Sea Turtles in South African Waters

The majestic creatures we all strive to see.

 

Did you know that there are only seven species of sea turtles in the Earth’s seas? If you live to see a turtle on a dive you’ll be pleased to know that five of these seven species of turtles can be found in waters surrounding South Africa.

 

Sadly, all five of the species that occur in South African waters appear on the IUCN Red List of Threatened Species.

We owe the presence of turtles to the unique way our coastal waters create the ecosystems these animals prefer to be in. On the Western coast of South Africa you can find the Atlantic ocean which gets cold water from the Benguela current sweeping up from the Arctic. The Eastern side has the sub-tropical Indian Ocean which is warmed by the Agulhas current bringing heat down from the tropics. It’s these two currents that create an environment sea turtles thrive in when they come together on South African shores.

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Sea turtles are categorized and belong to the super family Chelonioiidea. Don’t worry if you can’t pronounce it, but mouth ‘kel-on-ee-oy-dee-ah” and you’re half way there. Turtles are diapsids of the order Testudines characterized by a special bony or cartilaginous shell developed from their ribs that acts as a shield. “Turtle” refers to the order as a whole or to fresh-water and sea-dwelling Testudines. This means that sea turtles are classified as Testudines, as are land-dwelling tortoises, terrapins and fresh water turtles. Scientists have dated fossils of turtles which are older than other reptiles like snakes and crocodiles.

Leatherback

(Vulnerable)

Leatherback Turtle (Dermochelys coriacea)

The size these turtles can grow to are intimidating. They can reach 650kg, truly gigantic when compared to other species of turtles. They nest on the beaches in KwaZulu-Natal and feed on jellyfish. These giants are crowned as the fastest reptile because they can reach speeds of 35km per hour. They can also dive to 1.5km deep, making them the deepest diving turtles. They are the only turtle with a hard carapace (the upper shell of a turtle). This defensive covering must do its job well as they can reach the geriatric age of 100 years. They navigate using the sun. Sunlight penetrates their skull and reaches the brain allowing them to know where they are and when to migrate.

Loggerhead

(Vulnerable)

Loggerhead Turtle (Caretta caretta)

Second on the list is the second largest turtle, coming in at a maximum weight of 450kg. The Loggerhead turtle, like the Leatherback, also nests in KwaZulu-Natal. They are carnivorous feeding on mollusks, sea urchins and starfish. This turtle gets its name from its large head. Its their large jaw muscles that help them crush their hard-shelled prey. Loggerhead turtles you encounter in the Atlantic or Mediterranean oceans are descendants from those found in our coastal waters.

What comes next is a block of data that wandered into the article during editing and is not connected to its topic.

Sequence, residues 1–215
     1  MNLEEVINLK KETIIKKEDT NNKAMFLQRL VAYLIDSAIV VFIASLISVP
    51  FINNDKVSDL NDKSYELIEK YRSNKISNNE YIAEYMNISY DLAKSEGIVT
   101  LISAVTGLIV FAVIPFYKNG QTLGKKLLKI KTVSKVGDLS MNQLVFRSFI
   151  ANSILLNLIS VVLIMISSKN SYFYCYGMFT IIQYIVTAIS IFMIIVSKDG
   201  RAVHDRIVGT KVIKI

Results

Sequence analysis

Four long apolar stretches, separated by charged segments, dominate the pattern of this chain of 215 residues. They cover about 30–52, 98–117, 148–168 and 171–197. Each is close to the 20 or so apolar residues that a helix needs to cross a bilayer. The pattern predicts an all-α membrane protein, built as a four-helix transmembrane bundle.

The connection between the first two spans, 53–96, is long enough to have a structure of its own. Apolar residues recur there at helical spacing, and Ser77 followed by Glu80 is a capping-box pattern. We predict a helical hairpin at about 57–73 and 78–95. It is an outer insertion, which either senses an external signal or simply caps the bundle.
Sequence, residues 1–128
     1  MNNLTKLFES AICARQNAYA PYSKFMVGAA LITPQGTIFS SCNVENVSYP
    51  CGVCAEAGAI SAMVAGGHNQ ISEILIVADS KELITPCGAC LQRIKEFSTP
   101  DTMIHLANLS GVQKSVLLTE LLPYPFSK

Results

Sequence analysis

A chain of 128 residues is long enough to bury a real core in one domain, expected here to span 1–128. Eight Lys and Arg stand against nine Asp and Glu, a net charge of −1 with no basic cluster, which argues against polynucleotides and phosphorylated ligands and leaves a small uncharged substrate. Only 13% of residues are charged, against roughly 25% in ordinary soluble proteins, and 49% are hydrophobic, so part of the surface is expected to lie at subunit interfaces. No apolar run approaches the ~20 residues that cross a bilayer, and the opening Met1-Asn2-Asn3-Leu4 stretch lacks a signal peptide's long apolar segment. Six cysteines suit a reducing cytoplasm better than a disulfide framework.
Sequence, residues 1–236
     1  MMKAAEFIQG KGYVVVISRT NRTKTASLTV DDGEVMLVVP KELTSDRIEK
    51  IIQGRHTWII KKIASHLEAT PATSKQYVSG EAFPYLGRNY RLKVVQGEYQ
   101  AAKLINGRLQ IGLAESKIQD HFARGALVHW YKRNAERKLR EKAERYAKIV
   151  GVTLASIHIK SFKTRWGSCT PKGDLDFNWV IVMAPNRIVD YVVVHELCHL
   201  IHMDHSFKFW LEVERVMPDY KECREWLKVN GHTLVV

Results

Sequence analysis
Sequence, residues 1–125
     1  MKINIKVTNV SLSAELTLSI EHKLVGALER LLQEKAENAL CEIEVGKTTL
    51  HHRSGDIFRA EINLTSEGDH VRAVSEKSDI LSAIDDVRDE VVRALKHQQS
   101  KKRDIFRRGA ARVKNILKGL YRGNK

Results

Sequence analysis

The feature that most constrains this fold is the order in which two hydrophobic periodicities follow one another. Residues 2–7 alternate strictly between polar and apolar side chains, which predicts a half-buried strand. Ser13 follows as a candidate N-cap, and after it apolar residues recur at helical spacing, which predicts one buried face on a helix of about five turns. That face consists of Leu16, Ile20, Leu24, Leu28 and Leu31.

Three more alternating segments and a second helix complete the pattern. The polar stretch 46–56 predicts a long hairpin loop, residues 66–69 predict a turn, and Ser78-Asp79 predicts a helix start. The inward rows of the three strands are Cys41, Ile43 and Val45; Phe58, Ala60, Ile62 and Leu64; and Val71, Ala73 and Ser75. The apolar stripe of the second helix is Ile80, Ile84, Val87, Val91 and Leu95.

Green

(Endangered)

Green Turtle (Chelonia mydas)

The Green turtle resides in South African waters but they can be found around the globe, mainly in tropical and sub-tropical waters. The Green turtle is the most widely spread, nesting in 80 countries. They travel long distances to migrate to feeding grounds from the beaches they were hatched on. They use the Earth’s magnetic field to navigate. They are named for the greenish colour of their cartilage and fat, not the colour of their shells. Adults can be seen grazing on plants and algae and they can weigh up to 400kg.

Hawksbill

(Critically Endangered)

Hawsbill Turtle (Eretmochelys imbricate)

Named for their narrow pointed beaks, the Hawksbill turtles enter South African waters as strays. They are easy to identify thanks to these unique beaks which they use to hunt mainly sponges, but also crabs and prawns. They can also be identified by the pattern of overlapping scales on their shells which form a zig-zag pattern on the edge.They are small turtles, reaching a maximum weight of 80kg. These turtles are immune to toxins in sponges and jellyfish. They stores these toxins in their flesh, making them poisonous to predators.

Olive Ridley

(Vulnerable)

Olive Ridley Turtle (Lepidochelys olivacea)

The Olive Ridley is the smallest turtle you will find in South African waters, weighing in at an average weight of 35kg. They enter our waters as strays. They get their name from the olive colour of their shells. At the moment they are the most abundant of all sea turtles. Their vulnerable status comes from the vulnerability of their nesting grounds. They nest in very few places and therefore any interference to even one nest beach could have devastating effects on the whole population. They partake in Arribada which is a mass-nesting behaviour. Hundreds of thousands of turtles nest on a beach at the same time. Have a look at these turtles nesting:

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